Management of decompensated cirrhosis


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Abstract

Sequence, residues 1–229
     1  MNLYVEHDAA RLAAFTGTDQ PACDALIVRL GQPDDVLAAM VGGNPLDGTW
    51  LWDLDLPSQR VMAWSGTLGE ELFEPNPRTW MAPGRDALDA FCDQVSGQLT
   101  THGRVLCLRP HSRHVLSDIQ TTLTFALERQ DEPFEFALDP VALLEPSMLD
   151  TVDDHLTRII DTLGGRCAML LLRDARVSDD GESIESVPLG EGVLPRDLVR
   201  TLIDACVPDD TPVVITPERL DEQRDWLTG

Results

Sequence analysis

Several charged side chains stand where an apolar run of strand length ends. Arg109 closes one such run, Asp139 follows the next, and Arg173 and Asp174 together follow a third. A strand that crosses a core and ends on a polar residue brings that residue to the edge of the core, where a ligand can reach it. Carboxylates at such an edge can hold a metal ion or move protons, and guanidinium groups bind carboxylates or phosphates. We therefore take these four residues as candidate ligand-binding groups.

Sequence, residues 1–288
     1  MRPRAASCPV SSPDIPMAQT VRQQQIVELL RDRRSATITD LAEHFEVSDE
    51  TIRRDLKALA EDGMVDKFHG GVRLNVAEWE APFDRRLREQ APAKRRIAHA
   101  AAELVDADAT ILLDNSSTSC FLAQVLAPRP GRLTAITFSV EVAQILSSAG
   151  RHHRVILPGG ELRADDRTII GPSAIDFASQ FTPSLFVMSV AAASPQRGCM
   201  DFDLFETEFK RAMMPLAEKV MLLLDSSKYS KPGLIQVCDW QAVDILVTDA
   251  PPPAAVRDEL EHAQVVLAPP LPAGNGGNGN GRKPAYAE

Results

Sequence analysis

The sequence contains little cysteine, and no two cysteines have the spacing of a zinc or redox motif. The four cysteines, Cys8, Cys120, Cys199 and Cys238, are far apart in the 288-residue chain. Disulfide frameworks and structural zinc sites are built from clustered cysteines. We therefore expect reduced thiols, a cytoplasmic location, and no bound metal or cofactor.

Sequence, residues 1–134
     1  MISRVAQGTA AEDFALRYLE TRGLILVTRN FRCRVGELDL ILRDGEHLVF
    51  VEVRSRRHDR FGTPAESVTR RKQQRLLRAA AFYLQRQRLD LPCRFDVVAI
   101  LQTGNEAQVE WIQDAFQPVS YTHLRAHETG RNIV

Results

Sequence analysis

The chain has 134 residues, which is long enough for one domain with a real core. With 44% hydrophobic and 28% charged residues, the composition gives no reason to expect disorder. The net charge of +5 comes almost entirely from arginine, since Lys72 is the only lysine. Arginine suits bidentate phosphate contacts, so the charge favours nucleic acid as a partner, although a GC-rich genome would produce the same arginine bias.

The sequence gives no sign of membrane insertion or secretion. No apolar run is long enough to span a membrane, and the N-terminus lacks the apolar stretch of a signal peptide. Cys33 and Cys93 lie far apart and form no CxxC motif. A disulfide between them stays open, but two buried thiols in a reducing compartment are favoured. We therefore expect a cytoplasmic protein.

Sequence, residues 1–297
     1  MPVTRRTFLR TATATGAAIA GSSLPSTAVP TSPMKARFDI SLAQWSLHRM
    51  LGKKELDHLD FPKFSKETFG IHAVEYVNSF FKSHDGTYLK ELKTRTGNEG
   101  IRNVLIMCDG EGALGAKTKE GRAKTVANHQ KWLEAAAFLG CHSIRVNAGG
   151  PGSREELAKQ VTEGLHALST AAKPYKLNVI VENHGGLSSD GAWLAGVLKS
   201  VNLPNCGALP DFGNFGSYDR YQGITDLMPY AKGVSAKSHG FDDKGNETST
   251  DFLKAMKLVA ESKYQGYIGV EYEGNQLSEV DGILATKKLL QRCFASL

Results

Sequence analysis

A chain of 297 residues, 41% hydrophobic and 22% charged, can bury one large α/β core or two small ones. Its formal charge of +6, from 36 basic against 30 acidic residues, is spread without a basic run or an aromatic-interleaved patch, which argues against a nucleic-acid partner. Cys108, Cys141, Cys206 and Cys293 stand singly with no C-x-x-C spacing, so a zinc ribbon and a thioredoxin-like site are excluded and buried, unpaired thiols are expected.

Decompensated cirrhosis is a common reason for admission to the acute medical unit, and such patients typically have complex medical needs and are at high risk of in-hospital death. It is therefore vital that these patients receive appropriate investigations and management as early as possible in their patient journey. Typical presenting clinical features include jaundice, ascites, hepatic encephalopathy, hepato-renal syndrome or variceal haemorrhage. A careful history, examination and investigations can help identify the precipitating cause (infections, gastrointestinal bleeding, high alcohol intake / alcohol-related hepatitis or drug-induced liver injury), so appropriate treatment can be given. A ‘care bundle’ that has been endorsed by the British Society of Gastroenterology is available to help guide the management of patients with decompensated cirrhosis for the first 24 hours and ensure all aspects are addressed. Specific management of complications, such as infections, gastrointestinal bleeding, hepatic encephalopathy and hepatorenal syndrome, are discussed.

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